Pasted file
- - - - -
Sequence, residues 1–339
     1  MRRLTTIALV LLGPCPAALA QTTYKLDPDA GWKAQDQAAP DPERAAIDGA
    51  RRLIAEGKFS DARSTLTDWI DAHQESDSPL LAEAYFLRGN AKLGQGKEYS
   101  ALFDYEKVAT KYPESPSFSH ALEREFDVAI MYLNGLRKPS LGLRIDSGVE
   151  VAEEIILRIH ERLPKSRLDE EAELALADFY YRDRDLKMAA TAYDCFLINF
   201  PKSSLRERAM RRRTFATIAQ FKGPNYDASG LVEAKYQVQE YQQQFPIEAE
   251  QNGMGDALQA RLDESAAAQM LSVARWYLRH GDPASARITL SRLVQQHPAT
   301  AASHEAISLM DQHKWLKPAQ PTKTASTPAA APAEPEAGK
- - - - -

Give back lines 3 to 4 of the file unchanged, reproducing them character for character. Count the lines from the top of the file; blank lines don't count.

    51  RRLIAEGKFS DARSTLTDWI DAHQESDSPL LAEAYFLRGN AKLGQGKEYS
   101  ALFDYEKVAT KYPESPSFSH ALEREFDVAI MYLNGLRKPS LGLRIDSGVE